Federal regulators on Wednesday ruled that General Electric’s lending unit is no longer a threat to the financial system, allowing the conglomerate to escape from additional government oversight measures established to prevent another 2008-style financial crisis.
GE had fought for years to shed its “too big to fail” designation, aggressively shrinking the footprint of its finance business, including selling its credit card unit, and recasting itself as an industrial company that makes airplane engines, trains and other massive manufacturing equipment. On Wednesday, regulators agreed to allow the firm to shed its designation as a “systemically important financial institution” and the regulatory burdens that came with it, including maintaining a bigger financial cushion.
GE Capital is a “smaller, safer financial services company,” said the company’s chairman, Keith Sherin.
This is a major victory for GE and may chart a path forward for other large companies that have operated under tougher government oversight since the financial crisis. It also comes as regulators are under pressure to prove that the systems put in place to prevent future taxpayer bailouts of “too big to fail” institutions are working.
The decision to rescind GE Capital’s additional government oversight “is the result of a methodical analysis of risks that is in keeping with the law and the lessons of the financial crisis,” Treasury Secretary Jack Lew said in a statement. “GE Capital has made fundamental strategic changes that have resulted in a company that is significantly smaller and safer, with more stable funding.”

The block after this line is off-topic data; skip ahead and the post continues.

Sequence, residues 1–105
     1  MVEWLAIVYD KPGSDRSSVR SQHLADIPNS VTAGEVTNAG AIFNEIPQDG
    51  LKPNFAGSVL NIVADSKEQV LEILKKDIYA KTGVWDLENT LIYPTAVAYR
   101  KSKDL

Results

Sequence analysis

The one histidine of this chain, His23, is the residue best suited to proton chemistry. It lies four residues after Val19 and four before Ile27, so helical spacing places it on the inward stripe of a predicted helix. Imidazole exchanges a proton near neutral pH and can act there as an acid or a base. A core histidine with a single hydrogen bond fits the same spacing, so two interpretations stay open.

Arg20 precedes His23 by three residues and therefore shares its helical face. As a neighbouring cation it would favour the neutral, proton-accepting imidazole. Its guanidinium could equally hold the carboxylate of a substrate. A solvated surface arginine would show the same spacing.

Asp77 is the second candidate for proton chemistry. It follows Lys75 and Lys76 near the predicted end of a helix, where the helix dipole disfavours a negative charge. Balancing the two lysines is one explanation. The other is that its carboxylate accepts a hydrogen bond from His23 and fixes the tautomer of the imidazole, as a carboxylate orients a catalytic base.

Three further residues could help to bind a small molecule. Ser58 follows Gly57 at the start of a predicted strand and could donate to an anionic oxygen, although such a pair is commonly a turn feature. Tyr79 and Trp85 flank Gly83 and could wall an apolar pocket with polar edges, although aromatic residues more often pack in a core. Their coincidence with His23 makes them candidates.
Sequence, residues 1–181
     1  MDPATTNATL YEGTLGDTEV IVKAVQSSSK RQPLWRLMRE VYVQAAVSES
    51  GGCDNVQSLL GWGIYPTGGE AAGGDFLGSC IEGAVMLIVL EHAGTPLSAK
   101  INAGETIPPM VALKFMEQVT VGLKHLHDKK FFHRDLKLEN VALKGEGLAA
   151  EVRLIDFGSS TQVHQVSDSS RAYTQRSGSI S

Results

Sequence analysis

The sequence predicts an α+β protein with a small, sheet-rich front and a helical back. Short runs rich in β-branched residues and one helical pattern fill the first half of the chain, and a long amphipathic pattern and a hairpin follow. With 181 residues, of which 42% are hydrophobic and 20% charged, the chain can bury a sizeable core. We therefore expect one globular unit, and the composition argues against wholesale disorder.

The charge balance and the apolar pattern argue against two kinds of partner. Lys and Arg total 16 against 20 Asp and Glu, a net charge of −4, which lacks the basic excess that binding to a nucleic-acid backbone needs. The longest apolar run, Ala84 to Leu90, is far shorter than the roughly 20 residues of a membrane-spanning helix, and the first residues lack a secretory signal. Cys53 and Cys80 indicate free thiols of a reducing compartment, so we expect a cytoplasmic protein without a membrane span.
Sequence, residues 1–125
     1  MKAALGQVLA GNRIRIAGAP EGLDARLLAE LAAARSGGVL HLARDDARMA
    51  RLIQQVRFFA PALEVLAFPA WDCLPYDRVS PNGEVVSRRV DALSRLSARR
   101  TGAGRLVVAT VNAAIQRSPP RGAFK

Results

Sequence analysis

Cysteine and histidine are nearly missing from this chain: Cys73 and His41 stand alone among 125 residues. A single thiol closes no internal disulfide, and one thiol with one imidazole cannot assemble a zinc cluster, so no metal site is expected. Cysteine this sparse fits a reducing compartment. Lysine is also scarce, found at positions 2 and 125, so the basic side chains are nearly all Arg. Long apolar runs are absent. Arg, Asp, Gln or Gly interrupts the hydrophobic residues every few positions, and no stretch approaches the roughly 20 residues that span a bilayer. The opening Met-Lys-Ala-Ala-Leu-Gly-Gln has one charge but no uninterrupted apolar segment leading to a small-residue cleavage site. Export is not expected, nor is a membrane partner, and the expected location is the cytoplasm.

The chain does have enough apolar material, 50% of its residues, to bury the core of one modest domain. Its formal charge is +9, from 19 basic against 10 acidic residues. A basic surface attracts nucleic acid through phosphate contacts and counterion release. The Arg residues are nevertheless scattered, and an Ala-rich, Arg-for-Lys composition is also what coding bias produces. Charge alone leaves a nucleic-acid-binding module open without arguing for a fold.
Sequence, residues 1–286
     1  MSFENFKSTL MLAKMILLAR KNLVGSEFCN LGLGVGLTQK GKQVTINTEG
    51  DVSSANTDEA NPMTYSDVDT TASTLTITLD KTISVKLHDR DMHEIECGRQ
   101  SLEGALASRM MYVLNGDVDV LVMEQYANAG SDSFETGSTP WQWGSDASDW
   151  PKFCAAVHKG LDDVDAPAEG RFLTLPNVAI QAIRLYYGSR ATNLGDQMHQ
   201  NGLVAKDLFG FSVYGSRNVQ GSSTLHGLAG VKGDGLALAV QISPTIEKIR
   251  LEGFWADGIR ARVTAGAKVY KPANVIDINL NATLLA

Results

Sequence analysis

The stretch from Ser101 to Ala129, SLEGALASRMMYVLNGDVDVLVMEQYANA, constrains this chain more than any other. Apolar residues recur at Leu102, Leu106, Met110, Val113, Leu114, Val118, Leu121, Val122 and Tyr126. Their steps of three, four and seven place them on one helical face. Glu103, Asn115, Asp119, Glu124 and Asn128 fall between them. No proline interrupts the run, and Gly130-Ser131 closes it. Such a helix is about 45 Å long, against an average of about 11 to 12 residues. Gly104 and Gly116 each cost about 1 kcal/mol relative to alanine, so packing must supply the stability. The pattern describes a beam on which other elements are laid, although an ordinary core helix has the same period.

The government panel guiding this process, known as the Financial Stability Oversight Council or FSOC, has been under attack on Capitol Hill and in the courts. In Congress, Republicans have argued the panel has too much power and should be reined in.
But an even greater threat to the panel is in the courts. Earlier this year, MetLife won a crucial ruling challenging FSOC’s decision that it too was too big to fail. MetLife, the large insurance company, fought the label from the beginning, arguing FSOC did not properly assess the insurer’s financial strength and that it does not engage in the type of risky behavior that could rattle the economy.
The Treasury Department is fighting the ruling, which public advocates have warned could cripple the government’s ability to prevent another financial crisis.
“Contrary to the nonstop, hysterical claims of industry and its political allies, FSOC has been thorough, deliberative, and fair throughout the designation process, focusing carefully on a rigorous data-driven analysis and clear systemic threats,” said Dennis Kelleher, president of Better Markets, a financial markets public interest group.